Suruli’s father, meanwhile, had to cope with trying to repay the loans with income from seven liters per day, then six liters per day, then five liters. He and his wife barely had enough money to buy food. His arthritic right leg was starting to bend like a bow and his chest injury still hurt every time he drew a breath. At least the calf was fully grown, pregnant, and ready to sell.
One morning, the mother cow went into heat and began to moo and kick and buck. Vellaiyan untied her and led her down the lane towards the government veterinary extension clinic for insemination. On a way, a roaring tractor spooked her and she tore free from his grip. The cow bucked and jumped and landed on a neighbor’s front porch, shattering his wooden bench and smashing several water pots.
“You old garbage picker! Can’t you control your cow!”
The man punched Vellaiyan in the face, knocking him to the ground. He then began to kick him. Neighbors rushed up and pulled the attacker away. Several men managed to subdue the cow. They helped Vellaiyan to his feet and dusted him off. His eye was swollen and his face contorted in pain.
“You’re too old to be doing this, Vellaiyan! Sell the cow! Act your age!”
Though he could barely walk, the old man took hold of the cow’s nose rope, shuffled off to the veterinarian, and completed the insemination.
That evening after work, Suruli compensated the angry neighbor for his loss of property, then went to his parents home to talk things over.
“How long can we go on like this, Appa? What if the cow had crushed you? Or perhaps killed a child?”
The old man groaned and turned on his cot to face the wall.
Several weeks later, the young heifer’s udders began to fill as calving time drew close. Suruli helped his father find a buyer and negotiated an excellent price. The man paid him 40,000 rupees in new pink 2000 rupee bills.
“What’s this?” Suruli’s father asked. “Just a few twenty rupee bills! You let that man cheat us?”
“No, Appa. Even though they’re red like the twenty rupee bills, they are each worth two thousand.”
“These flimsy things? They look like play money.”
“Tell you what, I’m going to keep this money safe for you. We boys will bring it to the bank together. Whenever you need some money, you can ask us.”
Vellaiyan’s face became dark.
“Hand me the money, all of it. It’s mine! I worked hard to raise this calf without your help and I don’t need your help to keep my money safe.”
“Sorry, Appa. What if the tea stall man asks for a 20 and you give him a 2000 by mistake? It’s better this way.”
That night, Vellaiyan went on a hunger strike. He lay on his bed and wouldn’t eat. Same thing the next day. Alarmed, his wife called in the boys.
“Talk to your father! Do something! He’s going to die.”
After a few more days of cajoling and shouting and pleading, the boys handed the 40,000 back to their father.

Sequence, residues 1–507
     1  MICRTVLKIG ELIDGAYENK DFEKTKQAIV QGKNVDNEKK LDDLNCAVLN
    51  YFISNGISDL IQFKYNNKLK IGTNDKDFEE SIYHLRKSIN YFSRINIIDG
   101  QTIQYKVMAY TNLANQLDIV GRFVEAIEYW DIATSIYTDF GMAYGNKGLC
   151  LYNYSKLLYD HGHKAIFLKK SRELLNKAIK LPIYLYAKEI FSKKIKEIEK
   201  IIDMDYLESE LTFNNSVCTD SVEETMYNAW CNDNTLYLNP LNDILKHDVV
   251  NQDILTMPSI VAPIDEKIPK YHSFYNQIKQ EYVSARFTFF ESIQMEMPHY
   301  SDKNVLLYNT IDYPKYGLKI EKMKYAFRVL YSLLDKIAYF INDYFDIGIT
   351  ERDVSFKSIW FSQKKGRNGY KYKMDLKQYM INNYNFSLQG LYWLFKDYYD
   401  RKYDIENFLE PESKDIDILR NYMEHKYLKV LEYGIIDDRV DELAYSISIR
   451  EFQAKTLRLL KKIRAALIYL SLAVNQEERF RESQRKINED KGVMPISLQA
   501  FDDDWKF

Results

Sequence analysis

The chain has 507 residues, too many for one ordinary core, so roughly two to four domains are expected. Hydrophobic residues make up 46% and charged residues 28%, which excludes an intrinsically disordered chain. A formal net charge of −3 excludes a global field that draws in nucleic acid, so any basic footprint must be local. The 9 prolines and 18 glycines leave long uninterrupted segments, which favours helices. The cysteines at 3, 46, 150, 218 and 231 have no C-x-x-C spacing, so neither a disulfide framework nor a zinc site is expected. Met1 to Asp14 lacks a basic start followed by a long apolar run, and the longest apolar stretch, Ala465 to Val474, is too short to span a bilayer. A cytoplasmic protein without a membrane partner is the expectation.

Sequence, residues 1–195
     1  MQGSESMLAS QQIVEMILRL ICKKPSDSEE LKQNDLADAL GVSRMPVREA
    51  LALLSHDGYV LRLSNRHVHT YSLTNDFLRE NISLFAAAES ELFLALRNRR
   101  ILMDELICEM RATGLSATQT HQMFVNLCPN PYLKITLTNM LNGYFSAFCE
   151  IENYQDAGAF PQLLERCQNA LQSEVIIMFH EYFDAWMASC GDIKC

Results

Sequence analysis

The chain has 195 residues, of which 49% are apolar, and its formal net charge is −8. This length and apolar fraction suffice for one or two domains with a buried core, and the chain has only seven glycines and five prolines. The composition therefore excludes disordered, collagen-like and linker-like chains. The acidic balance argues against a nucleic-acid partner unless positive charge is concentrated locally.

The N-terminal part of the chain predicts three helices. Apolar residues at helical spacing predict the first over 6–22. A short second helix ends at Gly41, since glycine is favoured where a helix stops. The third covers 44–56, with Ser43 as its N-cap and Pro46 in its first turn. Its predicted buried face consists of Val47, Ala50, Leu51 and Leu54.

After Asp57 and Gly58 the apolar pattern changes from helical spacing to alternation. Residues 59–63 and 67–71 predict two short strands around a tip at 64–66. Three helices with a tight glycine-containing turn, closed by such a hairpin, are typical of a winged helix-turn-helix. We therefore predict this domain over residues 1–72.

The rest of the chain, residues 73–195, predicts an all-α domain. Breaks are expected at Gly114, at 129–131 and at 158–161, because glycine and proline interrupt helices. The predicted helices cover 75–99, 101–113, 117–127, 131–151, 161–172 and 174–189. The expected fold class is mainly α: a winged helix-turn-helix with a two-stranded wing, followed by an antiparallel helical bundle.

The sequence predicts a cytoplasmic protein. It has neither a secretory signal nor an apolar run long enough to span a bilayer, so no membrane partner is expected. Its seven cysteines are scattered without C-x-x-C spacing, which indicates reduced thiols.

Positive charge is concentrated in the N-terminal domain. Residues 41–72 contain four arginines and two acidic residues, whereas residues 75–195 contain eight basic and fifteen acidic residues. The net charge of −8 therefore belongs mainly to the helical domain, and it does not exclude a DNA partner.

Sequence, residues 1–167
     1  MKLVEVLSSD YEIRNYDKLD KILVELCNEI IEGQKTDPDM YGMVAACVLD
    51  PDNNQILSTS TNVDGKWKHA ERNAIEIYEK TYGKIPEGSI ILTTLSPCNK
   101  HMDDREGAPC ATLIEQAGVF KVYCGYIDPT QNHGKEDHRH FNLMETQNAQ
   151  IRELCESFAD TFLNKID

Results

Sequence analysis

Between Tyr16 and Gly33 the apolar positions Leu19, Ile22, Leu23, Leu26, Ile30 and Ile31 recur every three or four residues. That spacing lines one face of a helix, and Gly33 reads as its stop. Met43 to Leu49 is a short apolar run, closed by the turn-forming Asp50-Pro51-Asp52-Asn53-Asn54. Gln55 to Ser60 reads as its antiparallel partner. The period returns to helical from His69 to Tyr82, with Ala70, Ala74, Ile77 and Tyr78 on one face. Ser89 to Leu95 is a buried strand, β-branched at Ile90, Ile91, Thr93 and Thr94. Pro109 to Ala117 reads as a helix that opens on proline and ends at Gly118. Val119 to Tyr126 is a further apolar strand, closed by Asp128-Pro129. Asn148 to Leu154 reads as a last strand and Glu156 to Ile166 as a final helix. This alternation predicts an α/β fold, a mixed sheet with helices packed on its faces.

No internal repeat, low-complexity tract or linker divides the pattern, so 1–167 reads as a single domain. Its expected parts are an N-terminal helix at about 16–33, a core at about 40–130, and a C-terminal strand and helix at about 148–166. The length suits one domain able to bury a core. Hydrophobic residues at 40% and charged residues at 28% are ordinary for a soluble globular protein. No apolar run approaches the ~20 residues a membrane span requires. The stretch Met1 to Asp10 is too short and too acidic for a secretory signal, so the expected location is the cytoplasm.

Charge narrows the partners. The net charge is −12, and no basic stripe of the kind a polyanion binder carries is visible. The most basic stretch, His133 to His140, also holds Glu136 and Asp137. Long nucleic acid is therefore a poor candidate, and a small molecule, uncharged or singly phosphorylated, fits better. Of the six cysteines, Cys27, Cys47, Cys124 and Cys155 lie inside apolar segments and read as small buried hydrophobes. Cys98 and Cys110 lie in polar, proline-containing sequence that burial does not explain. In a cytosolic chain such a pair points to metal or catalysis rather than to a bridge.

He rose stiffly from his cot and tucked the money into his waistline. “That’s better. Now buy me a tea.”
Two days later, the oldest son developed severe chest pain and began to sweat profusely. By the time the other brothers arrived, he was gasping on the floor, unconscious. They dialed ‘108’ and the ambulance rushed him to Susiram Hospital in Sillamarathupatti. Dr. Vinodkumar took one look at him and shook his head.
“I’m afraid there’s nothing I can do. He’s barely alive and I can’t even feel his pulse.”
Suruli’s father began to weep.
“Please, he’s my oldest son. You must try. I can pay you whatever it costs.” He removed a handful of bills from his veshti and thrust them into the doctor’s hand. “See?”
“Please put your money away, sir. OK, I’ll try my best. You people just need to understand that his condition is really, really serious.”
The doctor admitted him into his little ICU, started oxygen, and administered emergency cardiac drugs including an expensive clot dissolver to open the coronary artery. After a few hours, the patient’s blood pressure returned to normal and he woke up.
“When can I go home? I need a beedi.”
Suruli’s brother made good progress and was referred to Theni for an angiogram. A week later he was home, walking around comfortably. He gave up smoking and booze. Suruli’s mother put on a fire-red sari and joined a ladies pilgrimage to the Parashakthi temple near Chennai to offer thanks. On the way home, she visited MGR movie star’s tomb at the Marina beach and dipped her toes in the ocean for the first time in her life. She was ecstatic.
A few weeks later, I asked Suruli how his father was doing.
“Well, he’s spent all of that 40,000 rupees.”
“What, did somebody cheat him?”
“No, he paid 20,000 towards my brother’s angiogram. Another 10,000 went towards their rented house since the owner was threatening to evict them if they didn’t pay a larger deposit.”
“And the last 10,000?”
Suruli told me about his recent visit to his parents house where he found their living room filled with high quality brass water pots.
“Where are all these from, Amma?”
“Oh that’s your father’s latest project. He lends the neighbors 1000 rupees at a time and they have to hand over a 3000 rupee brass pot as collateral. After they repay the money plus 5 rupees per hundred monthly interest, they get the pot back.”
Suruli turned to his father. “So that’s what you’ve done with the last 10,000, become a money lender?”
The old man’s poker face changed ever so slightly. A flicker of a smile.
Suruli’s mother continued. “No, I advanced him the money for that business. With his own 10,000, this old fart went and bought himself another cow. A black and white one this time.”